This third mystery in the series written by Roberta Isleib, under the name Lucy Burdette, again delights with delicious descriptions of Key West cuisine and recipes. Hayley is a relatable and very likable character, insulted by the producer’s description of her being “plump like a guinea hen” but resigned to it due to her love of food and complete lack of enjoyment of exercising (although she will commit to if it means a chance at interrogating a suspect). Hayley investigates only when she believes that the police are ignoring the possibility that the murder was motivated by the reality show competition, and she sensibly updates the police with every new piece of information. As an upcoming maid of honor for her former college roommate, Hayley’s duties include discouraging the groom from a pirate-themed wedding even while her own budding romance seems to have been nipped in the bud by the reappearance of the ex-wife. However, when one door closes another door opens and even her friend, the tarot-card reading Lorenzo, may not have been able to predict the new opportunity that may now be available.
A clinical psychologist and blogger for the Mystery Lovers’ Kitchen, the author shares her love of food while crafting sympathetic characters and a mystery filled with multiple motivations for the murder. The descriptions of the coastal cuisine, snappish and temperamental cheftestants, and drag queens, all combine to make this a very well-written and tasty mystery, sure to please fans of food, reality shows, and mysteries.
On Writing a Foodie Character
by Lucy Burdette
Although the Key West food critic mystery series is the third series I’ve written, neither the golf lovers mysteries nor the advice column mysteries focused on food.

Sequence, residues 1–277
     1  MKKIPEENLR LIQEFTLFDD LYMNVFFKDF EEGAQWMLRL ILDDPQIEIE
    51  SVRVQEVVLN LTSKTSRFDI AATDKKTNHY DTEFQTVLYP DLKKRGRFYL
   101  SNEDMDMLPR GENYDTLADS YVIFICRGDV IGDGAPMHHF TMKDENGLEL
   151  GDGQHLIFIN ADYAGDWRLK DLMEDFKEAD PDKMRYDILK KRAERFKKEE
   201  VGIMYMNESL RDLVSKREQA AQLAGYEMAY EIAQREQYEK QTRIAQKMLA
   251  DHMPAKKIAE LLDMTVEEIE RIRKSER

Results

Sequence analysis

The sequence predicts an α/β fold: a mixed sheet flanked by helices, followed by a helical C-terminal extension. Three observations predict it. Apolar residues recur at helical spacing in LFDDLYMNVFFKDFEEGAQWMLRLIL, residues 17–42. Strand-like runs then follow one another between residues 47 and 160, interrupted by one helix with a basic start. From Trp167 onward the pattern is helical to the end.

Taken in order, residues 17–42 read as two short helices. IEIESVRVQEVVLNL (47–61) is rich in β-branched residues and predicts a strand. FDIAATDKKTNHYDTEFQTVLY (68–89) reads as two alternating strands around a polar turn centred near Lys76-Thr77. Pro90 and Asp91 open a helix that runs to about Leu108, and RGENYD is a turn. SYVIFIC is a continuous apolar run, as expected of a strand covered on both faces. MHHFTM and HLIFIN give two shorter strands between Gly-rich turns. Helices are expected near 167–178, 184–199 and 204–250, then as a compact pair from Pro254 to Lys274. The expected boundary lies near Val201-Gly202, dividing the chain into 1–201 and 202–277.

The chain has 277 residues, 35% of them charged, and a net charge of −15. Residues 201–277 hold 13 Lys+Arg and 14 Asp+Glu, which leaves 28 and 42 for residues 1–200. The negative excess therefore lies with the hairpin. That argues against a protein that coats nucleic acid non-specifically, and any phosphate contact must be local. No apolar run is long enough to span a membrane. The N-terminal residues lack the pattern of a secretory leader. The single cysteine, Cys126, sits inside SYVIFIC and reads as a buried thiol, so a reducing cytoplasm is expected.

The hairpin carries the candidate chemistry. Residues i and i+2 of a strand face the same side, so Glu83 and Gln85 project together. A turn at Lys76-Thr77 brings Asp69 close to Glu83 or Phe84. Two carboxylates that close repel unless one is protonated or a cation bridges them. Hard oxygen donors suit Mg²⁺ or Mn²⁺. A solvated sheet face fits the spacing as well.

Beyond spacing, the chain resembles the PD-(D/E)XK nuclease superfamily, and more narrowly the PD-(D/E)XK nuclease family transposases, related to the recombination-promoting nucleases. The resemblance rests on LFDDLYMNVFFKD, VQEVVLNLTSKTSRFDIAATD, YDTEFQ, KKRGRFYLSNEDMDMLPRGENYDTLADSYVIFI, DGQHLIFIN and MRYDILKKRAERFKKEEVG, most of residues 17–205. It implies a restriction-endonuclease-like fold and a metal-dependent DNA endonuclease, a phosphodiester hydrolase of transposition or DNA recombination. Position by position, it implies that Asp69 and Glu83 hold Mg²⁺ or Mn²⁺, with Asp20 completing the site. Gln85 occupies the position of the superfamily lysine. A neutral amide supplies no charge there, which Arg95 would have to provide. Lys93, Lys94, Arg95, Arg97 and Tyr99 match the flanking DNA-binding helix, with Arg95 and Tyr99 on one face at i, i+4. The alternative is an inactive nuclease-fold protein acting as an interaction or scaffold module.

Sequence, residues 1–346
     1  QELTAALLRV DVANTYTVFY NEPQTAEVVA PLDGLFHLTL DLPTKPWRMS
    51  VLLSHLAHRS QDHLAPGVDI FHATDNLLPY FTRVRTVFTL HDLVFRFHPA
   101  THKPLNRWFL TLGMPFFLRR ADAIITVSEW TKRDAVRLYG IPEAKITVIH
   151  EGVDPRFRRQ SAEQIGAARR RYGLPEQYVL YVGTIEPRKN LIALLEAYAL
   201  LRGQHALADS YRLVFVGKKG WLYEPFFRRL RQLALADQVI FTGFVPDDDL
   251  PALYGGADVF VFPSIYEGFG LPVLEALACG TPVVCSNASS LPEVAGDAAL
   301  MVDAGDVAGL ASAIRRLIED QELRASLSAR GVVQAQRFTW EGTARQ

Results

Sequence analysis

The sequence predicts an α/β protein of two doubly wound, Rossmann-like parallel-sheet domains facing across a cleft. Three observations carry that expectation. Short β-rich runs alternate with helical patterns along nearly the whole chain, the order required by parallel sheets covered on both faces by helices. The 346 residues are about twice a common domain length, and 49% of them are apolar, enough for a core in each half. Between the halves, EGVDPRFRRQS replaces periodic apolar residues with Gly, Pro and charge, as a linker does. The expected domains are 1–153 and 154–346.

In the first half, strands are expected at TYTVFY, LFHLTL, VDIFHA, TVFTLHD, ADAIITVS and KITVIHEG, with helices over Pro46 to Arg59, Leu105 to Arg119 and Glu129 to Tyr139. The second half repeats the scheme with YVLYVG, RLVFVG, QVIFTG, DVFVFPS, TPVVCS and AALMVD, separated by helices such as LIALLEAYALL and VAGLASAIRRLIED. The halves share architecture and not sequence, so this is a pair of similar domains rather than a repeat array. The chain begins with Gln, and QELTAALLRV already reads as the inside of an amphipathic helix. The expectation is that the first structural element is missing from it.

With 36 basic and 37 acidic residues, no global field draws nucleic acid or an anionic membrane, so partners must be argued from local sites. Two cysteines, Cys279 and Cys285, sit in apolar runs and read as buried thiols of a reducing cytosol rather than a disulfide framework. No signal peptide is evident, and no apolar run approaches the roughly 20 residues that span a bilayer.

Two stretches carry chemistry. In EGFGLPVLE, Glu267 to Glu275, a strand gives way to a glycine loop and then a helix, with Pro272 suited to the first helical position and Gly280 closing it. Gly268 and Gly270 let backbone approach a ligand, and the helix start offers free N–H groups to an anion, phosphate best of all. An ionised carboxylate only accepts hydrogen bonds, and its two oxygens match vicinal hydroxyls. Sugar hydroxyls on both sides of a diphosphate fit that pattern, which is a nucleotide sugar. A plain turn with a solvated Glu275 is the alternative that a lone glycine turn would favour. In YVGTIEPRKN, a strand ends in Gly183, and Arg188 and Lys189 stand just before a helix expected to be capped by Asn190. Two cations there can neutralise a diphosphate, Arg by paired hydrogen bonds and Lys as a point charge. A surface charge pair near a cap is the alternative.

Cassie Burdette, my golfer character, was a fast food junkie. In fact, fans worried about Cassie’s diet (and the amount of beer she consumed.) The only recipe she ever produced was called Hot Dog Casserole. It featured, yes, hot dogs and baked beans from a can.
Rebecca Butterman, a psychologist from the advice column books, was an excellent home cook. Cooking kept her sane and she enjoyed preparing dishes like roast chicken and spaghetti carbonara to show appreciation to her friends.
Hayley Snow, the food critic character in my new Key West series, is a real foodie. Here’s how she describes food writing in Death In Four Courses: “When we write about simmering a stew or a sauce for hours or days, we are really talking about how much we owe to the folks who came before us and the importance of cherishing their memory. And how much we yearn to give to the people in our present who’ll be gathered around our table. We are writing about food as family history, and love, and hope, and sometimes a little splash of guilt.”
Writing about Hayley has expanded my food horizons. I have to cook what she might cook and eat where she might eat. Since Hayley came on the scene, we’ve enjoyed her shrimp and grits, key lime cupcakes, strawberry rhubarb coffee cake, and many more ravishing dishes. And we’ve tried about every restaurant in Key West.
There’s only one problem. These days, if I don’t photograph dinner before putting it on the table, my husband worries: Maybe it’s not going to meet Hayley’s standards.
To enter to win a copy of Topped Chef, simply email KRL at life@kingsriverlife[dot]com by replacing the [dot] with a period, with the subject line “Chef”, or comment on this article. A winner will be chosen May 18, 2013. U.S. residents only.
Check out other mystery articles, reviews, book giveaways & short stories in our mystery section.